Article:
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Managing Oil Spills using Self-Assembling Robots

IP.com Disclosure Number: IPCOM000247879D
Publication Date: 2016-Oct-09
Document File: 2 page(s) / 29K

Publishing Venue

The IP.com Prior Art Database

Abstract

Disclosed is a system and method to use self-assembling robots to help contain and manage an oil spill.

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Managing Oil Spills using Self

Managing Oil Spills using Self-

An oil spill costs billions of dollars in losses and is a serious environmental disaster, which consumes a high level of resources to recover from and/or contain. Damages range from temporary to permanent. Currently, governments and organizations most commonly use dispersants (i.e., chemical agents similar to soaps and detergents) to respond to an oil spill. However, many studies indicate that the dispersants are not efficient and can cause serious pollution .

An efficient, effective, and safe method is needed to contain and clean up oils spills.

This disclosure discusses a system and method to use self-assembling robots to help contain and manage an oil spill.

The system deploys self-assembling robots, each equipped with sea faring motors, sensors, and oil containers to quickly control and respond to an oil spill in any type of body of water (e.g., ocean, river, lake, etc.). In the event of an oil spill, either ships or aircraft transport floating self-assembling robots to the exact location of the spill event and accordingly distribute the units (e.g., place or airdrop into the water) around the area of contamination.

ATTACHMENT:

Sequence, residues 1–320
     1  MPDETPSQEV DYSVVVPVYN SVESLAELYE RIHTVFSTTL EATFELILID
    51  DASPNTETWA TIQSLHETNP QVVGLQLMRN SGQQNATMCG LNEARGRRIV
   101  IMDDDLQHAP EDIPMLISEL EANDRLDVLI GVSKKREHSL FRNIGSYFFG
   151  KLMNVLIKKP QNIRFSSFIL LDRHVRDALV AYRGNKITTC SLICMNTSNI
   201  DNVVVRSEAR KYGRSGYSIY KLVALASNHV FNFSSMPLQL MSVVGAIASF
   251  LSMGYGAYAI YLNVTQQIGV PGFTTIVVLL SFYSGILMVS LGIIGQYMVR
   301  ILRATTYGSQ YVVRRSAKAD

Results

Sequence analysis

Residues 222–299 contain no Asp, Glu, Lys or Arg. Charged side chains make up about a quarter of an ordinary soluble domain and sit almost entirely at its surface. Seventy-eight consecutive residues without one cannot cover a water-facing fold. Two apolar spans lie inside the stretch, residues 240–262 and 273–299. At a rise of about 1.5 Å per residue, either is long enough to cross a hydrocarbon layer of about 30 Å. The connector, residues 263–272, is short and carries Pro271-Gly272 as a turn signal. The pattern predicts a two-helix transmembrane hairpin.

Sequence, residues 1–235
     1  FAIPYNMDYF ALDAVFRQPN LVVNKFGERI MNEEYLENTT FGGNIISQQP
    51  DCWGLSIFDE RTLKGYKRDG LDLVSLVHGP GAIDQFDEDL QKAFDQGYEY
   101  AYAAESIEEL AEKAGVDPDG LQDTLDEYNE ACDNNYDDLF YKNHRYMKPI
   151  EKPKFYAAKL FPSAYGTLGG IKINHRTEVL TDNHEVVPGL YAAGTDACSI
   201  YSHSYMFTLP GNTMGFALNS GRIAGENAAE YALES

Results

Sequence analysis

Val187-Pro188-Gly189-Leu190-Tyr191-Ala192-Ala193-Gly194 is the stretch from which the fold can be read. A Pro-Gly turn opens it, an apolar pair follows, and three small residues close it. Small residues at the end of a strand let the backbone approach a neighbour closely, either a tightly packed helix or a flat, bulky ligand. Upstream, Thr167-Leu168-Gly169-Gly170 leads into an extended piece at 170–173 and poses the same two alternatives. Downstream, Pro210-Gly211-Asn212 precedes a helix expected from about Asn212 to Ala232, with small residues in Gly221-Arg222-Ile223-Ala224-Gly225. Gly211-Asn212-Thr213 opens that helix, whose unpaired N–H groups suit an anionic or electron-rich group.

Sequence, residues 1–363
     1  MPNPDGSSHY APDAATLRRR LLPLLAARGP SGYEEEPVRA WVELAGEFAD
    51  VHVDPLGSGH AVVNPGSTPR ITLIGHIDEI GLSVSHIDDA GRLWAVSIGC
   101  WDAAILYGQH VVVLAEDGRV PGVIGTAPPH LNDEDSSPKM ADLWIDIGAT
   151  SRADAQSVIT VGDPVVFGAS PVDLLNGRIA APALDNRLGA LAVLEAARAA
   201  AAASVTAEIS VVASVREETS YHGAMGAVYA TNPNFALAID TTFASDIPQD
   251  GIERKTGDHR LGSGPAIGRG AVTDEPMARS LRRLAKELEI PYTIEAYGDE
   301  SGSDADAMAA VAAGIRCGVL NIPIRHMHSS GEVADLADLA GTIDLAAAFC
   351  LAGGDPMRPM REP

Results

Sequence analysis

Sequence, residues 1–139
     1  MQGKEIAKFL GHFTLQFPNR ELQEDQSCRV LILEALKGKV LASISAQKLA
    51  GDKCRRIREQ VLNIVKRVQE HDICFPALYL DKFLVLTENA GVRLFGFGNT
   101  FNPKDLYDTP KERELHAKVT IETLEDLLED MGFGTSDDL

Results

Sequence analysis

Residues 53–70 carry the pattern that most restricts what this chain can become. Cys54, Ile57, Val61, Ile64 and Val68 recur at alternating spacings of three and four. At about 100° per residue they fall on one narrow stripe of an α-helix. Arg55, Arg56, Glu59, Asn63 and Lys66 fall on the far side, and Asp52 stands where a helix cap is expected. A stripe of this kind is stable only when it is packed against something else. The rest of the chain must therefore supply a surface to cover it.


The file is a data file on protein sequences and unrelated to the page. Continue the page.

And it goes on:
After deployment, each robot works to find the other robots that were deployed to create a large barrier around the contamination zone. It goes deep enough to ensure that contaminants cannot get under the barrier and high enough that passing waves and currents do not cause contamination to float over the barrier. In the worst case, a sufficient number of robots can be deployed to completely encase the area in a large sphere, though usually this would be more of a large bowl-like structure with a hole in the bottom, as oil generally stays near the surface of the water. Optionally, the bottom of the bowl could be filled in to keep out marine life.

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